Near the end of the bike I started feeling sick to my stomach, so I eased off the pace a little bit for the last 3km, which seemed to alleviate that feeling. As I approached T2 I had a lot of worries about the run. Would I feel sick again, would I cramp up, would I have to use the bathroom like a thousand times (all things that have happened to me on the run in training and racing). I entered T2 not sure what place I was in, racked my bike, threw on my shoes (and socks!) and headed out for the run.

The run

The run was a huge wild card for me. On the one hand, the run is my strength and I have been running really well in training and racing this year. But on the other hand, I had to walk the run portion last time I raced this distance, I have experienced all of the problems mentioned above, and the temperature was 33 degrees; I have a terrible track record racing in the heat. Because I paced the bike well I felt pretty good heading into the run. Knowing it was really hot I didn’t even look at my GPS watch, this run pace was going completely by effort. I figured I would take the first 10.5km lap steady, trying to stay cool with the water and ice at the aid stations (pouring ice down your tri suit is a life saver), and pick it up for the second lap to catch all of the people who took the first lap too hard and those who over-biked. That was the plan anyway. I was in 6th place entering the 2nd lap, but boy would this next lap be a humbling experience.

First, I lost about 2 minutes having to take a bathroom break. My average pace was 4:05/km for the first lap (20 seconds per km slower than my goal – that’s a lot), and for the 2nd lap I couldn’t seem to get the pace any faster than 4:16/km. I figured, ok well going slow now means I’ll probably be able to finish really strong in the last 3km or so. That 3km went by slower than anything I had ever experienced. I wanted so badly to walk the last 1.5km but knew I had to hold whatever pace I could in order to maintain my current position. I felt a huge sense of relief and accomplishment when I crossed the line (maintaining my 6th place). I was greeted by race director John Salt and then had a Facebook Live interview with Cody Beals. I was so physically and emotionally exhausted I don’t remember a word I said during the interview, mostly just gibberish and slurring I would imagine.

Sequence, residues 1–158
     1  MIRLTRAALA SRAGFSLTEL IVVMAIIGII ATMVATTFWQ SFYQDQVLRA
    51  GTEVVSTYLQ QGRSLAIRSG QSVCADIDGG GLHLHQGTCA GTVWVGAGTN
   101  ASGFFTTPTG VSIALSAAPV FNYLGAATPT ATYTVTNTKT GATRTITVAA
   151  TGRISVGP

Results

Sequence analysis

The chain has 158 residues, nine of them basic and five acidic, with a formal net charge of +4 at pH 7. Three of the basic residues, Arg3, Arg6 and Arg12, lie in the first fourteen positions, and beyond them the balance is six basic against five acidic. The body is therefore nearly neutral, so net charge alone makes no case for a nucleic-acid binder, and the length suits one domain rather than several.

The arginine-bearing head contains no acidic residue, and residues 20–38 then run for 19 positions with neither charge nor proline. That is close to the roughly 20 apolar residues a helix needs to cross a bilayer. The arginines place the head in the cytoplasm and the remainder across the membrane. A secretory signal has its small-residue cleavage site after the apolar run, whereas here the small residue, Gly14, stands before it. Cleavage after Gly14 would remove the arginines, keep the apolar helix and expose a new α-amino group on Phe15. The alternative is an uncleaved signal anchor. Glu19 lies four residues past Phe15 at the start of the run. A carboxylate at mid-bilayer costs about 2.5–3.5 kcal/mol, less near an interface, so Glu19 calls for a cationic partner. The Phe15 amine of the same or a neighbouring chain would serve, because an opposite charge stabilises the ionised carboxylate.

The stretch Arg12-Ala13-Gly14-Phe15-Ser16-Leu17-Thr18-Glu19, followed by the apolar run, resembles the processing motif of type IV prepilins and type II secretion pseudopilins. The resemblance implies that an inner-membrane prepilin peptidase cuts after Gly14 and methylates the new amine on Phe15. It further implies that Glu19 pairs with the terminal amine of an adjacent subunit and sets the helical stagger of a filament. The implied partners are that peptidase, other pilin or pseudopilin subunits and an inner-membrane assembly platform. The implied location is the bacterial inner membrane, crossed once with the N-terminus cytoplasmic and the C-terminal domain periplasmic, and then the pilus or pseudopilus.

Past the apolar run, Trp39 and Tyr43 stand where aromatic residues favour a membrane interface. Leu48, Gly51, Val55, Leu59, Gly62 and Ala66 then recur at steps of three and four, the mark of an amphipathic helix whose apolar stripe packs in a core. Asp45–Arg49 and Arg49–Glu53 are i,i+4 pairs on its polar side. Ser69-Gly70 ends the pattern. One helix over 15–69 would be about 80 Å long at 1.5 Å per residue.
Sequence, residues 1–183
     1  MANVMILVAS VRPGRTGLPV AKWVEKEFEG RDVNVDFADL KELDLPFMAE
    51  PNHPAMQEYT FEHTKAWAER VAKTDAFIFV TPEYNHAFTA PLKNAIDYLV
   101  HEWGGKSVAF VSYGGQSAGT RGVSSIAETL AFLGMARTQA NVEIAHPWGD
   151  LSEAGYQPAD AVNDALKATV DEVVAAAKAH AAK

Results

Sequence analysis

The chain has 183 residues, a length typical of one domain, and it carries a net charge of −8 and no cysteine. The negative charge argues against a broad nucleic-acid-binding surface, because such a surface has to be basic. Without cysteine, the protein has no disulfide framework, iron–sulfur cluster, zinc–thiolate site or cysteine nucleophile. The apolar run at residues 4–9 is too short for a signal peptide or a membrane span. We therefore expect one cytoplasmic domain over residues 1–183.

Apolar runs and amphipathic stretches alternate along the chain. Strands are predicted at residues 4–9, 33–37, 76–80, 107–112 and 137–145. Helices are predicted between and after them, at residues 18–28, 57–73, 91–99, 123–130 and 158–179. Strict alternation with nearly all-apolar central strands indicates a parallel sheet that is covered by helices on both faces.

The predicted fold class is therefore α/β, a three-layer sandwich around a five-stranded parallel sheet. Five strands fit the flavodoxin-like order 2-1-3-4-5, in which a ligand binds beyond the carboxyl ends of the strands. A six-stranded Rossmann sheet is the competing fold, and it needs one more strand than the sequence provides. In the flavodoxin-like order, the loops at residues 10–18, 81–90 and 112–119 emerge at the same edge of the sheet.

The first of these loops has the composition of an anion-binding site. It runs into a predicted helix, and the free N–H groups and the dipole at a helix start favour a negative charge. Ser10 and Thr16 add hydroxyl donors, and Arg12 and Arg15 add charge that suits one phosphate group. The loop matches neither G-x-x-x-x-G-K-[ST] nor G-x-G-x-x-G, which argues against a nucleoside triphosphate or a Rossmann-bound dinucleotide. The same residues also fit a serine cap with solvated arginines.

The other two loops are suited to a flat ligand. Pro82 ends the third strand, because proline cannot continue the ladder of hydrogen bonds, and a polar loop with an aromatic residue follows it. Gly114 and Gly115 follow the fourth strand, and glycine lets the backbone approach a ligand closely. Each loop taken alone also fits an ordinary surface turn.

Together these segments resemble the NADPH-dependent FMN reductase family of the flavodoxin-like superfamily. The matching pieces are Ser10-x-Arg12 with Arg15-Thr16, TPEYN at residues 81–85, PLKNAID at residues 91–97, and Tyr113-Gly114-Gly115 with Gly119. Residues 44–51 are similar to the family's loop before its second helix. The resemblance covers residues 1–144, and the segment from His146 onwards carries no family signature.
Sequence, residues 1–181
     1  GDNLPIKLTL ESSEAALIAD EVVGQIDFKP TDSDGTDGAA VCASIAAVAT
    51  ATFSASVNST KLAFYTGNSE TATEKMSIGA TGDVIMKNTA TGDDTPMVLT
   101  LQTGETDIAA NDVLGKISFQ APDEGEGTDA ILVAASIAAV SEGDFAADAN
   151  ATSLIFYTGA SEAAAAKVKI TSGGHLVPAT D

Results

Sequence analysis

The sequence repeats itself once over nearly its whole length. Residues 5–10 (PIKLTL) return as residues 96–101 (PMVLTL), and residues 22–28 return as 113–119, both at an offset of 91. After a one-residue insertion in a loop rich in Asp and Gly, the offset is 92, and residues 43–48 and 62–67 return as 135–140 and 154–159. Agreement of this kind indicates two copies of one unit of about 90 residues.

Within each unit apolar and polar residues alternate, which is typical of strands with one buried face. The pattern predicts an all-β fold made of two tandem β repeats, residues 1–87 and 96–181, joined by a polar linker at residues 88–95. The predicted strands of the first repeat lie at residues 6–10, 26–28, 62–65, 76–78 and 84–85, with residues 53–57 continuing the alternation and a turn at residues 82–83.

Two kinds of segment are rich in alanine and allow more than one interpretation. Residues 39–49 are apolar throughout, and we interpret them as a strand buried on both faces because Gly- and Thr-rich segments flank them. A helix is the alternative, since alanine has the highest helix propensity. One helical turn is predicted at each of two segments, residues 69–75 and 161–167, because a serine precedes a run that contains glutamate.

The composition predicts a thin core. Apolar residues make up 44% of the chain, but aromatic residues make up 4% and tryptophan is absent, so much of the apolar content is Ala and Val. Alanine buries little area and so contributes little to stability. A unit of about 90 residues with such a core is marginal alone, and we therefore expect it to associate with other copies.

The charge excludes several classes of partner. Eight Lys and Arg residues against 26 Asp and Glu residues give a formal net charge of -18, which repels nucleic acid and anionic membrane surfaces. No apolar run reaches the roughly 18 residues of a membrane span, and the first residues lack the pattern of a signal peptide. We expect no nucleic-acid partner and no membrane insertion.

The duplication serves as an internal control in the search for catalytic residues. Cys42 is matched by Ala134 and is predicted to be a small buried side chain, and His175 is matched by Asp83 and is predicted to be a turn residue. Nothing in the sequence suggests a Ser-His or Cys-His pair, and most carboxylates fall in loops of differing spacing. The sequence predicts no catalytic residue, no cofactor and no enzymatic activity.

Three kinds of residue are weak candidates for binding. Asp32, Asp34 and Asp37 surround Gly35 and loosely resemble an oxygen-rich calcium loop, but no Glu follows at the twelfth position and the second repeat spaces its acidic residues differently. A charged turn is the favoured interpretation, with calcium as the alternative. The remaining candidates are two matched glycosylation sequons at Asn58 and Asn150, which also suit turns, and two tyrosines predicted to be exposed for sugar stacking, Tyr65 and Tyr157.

Complete exhaustion

Despite being the hardest thing I've ever done, this was the most fun I've had at a race. It truly was an experience. I can't say enough good things about the Multisport Canada crew and how well this race was put together. From my perspective everything was flawless. I didn't get my top 5, but I have a ton of respect for the 5 guys who finished ahead of me, and for everyone who did the race.

That caps off a great season and the most fun summer of my life. I'd like to thank Multisport Canada and the Loaring Personal Coaching crew for being a large part of that. I would also like to thank Zizu Optics for the sunglasses, they came in extra handy today.